What was life like in the 1930's in America?  

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In the 1930's, the period of the Great Depression, life was desperate. Twenty-five per cent of the workforce were unemployed, homes and cars that were purchased on credit were lost, and many people lost their investments in the stock market crash of 1929, known as "Black Tuesday." Some even committed suicide. Others had to live in automobiles or makeshift homes fashioned from scrap metals. These little towns that formed from such makeshift homes were called "Hoovervilles" after the president who misjudged the effects of the stock market crash of 1929.

Another disaster struck in the 1930's: The Dust Bowl. After generations of farming in the Great Plains in which much of the top-soil was lost, and over-farming as men planted great quantities of wheat for the food supply for World War I, which removed grassland that held down the nutritious soil, there was an environmental cataclysm that took place. Massive dust-clouds formed and cattle died from consuming such dust. There was a severe drought and no crops could be grown. Therefore, farmers from Oklahoma, Kansas, and surrounding areas fought, but many lost their farms. As a result, they migrated to California in the hope of finding jobs. Many men left their families behind as they searched for work.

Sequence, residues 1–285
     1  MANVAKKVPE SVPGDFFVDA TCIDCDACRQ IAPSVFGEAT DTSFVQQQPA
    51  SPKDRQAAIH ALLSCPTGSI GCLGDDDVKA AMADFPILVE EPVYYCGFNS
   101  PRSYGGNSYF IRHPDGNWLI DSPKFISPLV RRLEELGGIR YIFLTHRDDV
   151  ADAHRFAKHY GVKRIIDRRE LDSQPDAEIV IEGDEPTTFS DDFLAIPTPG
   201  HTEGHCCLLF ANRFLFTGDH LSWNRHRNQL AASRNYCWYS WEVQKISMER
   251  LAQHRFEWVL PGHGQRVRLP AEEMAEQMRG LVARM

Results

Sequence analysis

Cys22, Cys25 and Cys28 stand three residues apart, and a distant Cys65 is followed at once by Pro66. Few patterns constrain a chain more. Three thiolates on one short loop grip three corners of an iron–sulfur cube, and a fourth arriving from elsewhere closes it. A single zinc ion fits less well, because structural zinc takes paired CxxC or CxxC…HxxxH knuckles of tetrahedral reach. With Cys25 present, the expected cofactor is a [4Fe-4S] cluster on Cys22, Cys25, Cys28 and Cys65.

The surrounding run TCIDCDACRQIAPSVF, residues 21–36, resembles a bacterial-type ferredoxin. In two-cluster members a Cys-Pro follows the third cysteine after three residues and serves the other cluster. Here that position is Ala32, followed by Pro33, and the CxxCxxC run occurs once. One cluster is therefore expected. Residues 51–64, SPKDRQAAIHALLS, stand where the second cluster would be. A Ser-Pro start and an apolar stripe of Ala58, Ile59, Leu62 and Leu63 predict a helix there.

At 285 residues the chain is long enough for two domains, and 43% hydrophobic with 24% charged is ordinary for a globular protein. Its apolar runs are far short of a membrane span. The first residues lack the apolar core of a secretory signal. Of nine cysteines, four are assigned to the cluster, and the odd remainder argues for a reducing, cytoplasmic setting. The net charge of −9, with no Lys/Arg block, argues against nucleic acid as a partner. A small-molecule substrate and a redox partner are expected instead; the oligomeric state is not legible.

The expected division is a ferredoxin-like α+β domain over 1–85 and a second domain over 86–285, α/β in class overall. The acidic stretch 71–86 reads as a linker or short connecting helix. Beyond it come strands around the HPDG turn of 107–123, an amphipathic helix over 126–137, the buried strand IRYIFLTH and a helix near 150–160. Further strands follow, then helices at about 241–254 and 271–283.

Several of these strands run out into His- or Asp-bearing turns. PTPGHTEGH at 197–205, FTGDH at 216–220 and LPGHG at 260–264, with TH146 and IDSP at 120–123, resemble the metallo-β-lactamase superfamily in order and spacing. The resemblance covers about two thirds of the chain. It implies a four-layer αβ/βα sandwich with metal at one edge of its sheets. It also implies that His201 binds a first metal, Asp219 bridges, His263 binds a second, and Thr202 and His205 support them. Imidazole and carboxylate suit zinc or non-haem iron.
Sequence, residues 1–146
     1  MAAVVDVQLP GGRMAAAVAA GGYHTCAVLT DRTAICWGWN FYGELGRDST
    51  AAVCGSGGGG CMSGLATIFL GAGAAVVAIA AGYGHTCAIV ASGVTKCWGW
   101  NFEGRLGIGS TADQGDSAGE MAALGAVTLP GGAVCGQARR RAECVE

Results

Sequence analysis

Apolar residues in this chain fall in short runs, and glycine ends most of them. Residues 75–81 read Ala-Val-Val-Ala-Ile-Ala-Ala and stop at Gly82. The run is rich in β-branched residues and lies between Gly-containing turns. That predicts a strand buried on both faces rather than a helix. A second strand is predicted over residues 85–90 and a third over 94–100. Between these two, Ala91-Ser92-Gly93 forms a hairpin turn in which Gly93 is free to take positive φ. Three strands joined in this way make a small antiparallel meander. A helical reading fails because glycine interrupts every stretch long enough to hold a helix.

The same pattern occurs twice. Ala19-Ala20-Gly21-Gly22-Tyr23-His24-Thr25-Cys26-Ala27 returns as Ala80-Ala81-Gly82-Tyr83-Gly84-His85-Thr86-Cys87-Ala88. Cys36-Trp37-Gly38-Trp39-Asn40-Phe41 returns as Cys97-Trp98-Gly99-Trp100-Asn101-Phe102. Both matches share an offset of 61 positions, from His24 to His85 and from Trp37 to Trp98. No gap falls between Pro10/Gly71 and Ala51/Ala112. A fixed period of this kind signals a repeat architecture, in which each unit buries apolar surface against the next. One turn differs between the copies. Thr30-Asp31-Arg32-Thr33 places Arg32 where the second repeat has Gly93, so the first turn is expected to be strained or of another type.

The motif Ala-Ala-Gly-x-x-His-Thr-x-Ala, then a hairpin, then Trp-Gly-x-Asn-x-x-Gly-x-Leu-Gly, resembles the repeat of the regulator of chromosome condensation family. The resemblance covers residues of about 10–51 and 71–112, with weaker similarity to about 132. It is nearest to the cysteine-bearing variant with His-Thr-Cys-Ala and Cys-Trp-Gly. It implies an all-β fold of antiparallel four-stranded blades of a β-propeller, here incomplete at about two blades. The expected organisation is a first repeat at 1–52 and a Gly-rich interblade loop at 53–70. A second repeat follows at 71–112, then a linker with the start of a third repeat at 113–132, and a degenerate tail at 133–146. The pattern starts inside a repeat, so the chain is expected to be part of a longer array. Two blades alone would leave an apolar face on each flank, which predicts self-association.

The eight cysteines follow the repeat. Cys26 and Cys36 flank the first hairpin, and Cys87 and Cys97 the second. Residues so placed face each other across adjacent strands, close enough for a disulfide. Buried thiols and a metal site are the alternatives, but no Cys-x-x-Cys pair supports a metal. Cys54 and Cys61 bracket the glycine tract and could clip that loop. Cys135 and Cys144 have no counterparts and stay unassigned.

After Franklin D. Roosevelt was elected, there were a number of programs effected that helped to assist people. These were part of the New Deal; one of these was the WPA (the Works Progress Administration) which employed many people in making various libraries, constructing works of art, and building huge projects such as the Tennessee Valley Authority, and the Hoover Dam. These valuable projects employed hundreds of men and brought water and electricity to many who had not had these resources before.

The Civil Conservation Corps was another program that helped men get back to work:

Roosevelt proposed to recruit thousands of unemployed young men, enlist them in a peacetime army, and send them to battle the erosion and destruction of the nation’s natural resources.

More than any other New Deal agency, this program was considered to be a reflection of Roosevelt’s personal philosophy. 

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